By Peter Eisler
Mon., Nov. 17, 1997
WASHINGTON -- Ten years after Congress attacked improper drug
use by nursing homes in a sweeping set of reforms, federal
investigators say tougher rules are needed to combat lingering
In a report today that suggests thousands of nursing home
patients get "inappropriate" medicine, the Department of Health
and Human Services inspector general sees Congress' 1987 reforms
as largely successful. No longer are patients commonly drugged
The big problem now tends to be unwitting errors, the report
says, resulting in poor drug interactions, overmedication and bad
"Our recommendations will require doctors, nurses and
pharmacists to work together more effectively," says George
Grob, a deputy inspector general who worked on the report. "The
systems that were put in place 10 years ago clearly are beginning
to work, but more needs to be done."
On Capitol Hill, some were more critical.
"Neither the spirit nor the intent of the (1987 reforms)
relating to prescription-drug use are being fulfilled," says
Sen. Charles Grassley, R-Iowa, who chairs the Special Committee
on Aging. "These concerns merit prompt and definitive action."
Grassley wants a report next year on what has been done. The
report recommends that nursing homes be required to:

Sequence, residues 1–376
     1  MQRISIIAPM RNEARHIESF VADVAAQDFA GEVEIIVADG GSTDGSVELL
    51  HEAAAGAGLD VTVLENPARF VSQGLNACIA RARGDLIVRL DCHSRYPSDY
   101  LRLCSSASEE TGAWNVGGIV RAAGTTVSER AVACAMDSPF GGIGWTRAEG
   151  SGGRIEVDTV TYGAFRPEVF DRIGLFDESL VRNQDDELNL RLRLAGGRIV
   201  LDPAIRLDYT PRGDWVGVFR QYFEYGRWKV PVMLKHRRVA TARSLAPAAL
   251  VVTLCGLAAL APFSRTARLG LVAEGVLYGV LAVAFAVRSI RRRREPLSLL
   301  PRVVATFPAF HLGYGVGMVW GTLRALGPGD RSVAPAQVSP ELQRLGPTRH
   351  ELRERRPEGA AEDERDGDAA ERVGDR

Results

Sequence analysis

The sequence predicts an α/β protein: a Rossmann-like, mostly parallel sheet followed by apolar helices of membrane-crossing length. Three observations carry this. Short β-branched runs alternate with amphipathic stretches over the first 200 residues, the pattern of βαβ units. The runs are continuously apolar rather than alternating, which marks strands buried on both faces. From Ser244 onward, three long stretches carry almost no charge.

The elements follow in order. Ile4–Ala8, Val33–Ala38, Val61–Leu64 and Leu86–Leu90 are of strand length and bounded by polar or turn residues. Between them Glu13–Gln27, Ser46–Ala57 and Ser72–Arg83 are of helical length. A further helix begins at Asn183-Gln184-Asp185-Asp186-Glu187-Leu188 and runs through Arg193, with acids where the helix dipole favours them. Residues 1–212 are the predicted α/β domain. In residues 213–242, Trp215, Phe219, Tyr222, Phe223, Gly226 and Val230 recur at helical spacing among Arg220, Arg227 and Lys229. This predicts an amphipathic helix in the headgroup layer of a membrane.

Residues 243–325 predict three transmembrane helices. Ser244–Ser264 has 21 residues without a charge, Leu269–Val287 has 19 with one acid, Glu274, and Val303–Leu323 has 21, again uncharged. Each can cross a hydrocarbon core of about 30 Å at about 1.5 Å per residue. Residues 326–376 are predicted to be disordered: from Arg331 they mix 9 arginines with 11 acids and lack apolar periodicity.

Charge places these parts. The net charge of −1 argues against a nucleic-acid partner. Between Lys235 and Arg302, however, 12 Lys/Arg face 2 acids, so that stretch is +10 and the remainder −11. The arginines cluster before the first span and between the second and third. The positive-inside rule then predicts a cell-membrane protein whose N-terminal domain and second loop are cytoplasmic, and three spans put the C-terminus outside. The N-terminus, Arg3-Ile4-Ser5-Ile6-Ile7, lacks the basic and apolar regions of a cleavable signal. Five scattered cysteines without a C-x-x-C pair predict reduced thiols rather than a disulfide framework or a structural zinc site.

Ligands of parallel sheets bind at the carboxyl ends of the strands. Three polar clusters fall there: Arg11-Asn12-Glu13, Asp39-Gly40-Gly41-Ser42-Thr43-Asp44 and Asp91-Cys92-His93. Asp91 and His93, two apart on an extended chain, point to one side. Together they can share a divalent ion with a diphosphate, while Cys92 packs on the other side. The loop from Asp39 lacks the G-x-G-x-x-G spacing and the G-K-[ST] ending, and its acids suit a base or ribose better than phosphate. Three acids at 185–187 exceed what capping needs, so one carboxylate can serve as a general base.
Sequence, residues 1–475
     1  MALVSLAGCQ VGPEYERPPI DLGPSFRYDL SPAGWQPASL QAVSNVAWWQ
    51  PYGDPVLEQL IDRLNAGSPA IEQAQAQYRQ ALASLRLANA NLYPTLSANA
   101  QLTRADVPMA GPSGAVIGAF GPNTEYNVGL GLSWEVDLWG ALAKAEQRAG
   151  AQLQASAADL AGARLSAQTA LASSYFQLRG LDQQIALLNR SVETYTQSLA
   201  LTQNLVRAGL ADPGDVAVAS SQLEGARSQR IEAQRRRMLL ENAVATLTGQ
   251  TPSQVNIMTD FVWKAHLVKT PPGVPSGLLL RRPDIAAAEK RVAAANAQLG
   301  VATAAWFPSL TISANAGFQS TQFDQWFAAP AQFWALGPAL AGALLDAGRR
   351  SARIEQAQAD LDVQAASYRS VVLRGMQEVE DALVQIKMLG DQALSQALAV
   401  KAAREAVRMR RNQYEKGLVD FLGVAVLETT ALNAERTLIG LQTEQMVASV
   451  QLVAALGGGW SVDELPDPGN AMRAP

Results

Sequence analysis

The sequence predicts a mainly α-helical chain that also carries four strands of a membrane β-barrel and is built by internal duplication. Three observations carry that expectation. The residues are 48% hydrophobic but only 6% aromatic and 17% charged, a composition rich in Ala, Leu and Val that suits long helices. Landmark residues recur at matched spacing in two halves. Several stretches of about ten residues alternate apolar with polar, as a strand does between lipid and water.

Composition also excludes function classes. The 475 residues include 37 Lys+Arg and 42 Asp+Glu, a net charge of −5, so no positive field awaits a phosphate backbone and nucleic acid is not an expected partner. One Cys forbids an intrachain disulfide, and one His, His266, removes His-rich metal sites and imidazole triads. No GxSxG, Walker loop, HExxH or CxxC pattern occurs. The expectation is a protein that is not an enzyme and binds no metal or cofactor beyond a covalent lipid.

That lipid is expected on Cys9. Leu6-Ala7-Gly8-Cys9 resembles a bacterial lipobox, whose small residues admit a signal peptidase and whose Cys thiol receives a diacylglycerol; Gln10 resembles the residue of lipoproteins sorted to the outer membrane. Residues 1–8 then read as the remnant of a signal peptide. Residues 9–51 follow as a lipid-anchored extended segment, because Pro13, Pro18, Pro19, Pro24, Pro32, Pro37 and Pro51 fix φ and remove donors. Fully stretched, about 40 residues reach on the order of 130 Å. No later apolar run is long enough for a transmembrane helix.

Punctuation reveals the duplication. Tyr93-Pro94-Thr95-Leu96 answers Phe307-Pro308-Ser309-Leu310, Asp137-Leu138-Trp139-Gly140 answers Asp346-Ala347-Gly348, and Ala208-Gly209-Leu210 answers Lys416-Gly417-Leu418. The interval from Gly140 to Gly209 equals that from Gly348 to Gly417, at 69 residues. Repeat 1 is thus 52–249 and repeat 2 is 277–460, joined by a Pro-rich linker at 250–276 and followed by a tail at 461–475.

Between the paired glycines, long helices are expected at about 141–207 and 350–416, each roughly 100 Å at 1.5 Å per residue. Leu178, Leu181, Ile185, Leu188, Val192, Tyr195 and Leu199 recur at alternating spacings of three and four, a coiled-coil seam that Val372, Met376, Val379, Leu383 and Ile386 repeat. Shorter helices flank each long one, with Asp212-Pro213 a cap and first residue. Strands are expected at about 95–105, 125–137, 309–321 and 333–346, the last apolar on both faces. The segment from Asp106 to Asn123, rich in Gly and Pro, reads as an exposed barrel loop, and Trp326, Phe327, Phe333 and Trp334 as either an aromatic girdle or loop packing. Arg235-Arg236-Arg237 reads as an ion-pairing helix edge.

Keep better records on what drugs patients are taking and what
results are expected. Ensure pharmacists review drug use and see
that their concerns reach doctors and nurses. Better train staff
to recognize adverse drug reactions.
Industry groups concede some of the problems cited by the report
but reject the call for new rules.
"Some of the (studies') findings . . . could be helpful," the
American Association of Homes and Services for the Aging (AAHSA)
says in a letter to the inspector general. "However, we are
concerned with some of the methodologies used in the study, the
limited nature of the findings and the recommendations for new
program requirements that are not justified."
AAHSA and other industry groups note that the studies'
assumptions of inappropriate drug use are based largely on a
national survey of nursing home pharmacists, whose reporting may
be biased by a desire for more authority.
They also dispute the importance of findings from an audit of 254
patients in Texas that up to 17% of nursing home patients there
get improper drugs. What happens in Texas isn't necessarily what
happens nationwide, they say.
"What this (report) does is peel off another layer," says Sarah
Burger of the National Citizens Coalition for Nursing Home
Reform. "People aren't taking 15 or 20 different drugs anymore,
so there's progress. But even with fewer drugs, the ones they are
taking aren't being monitored in a way that prevents untoward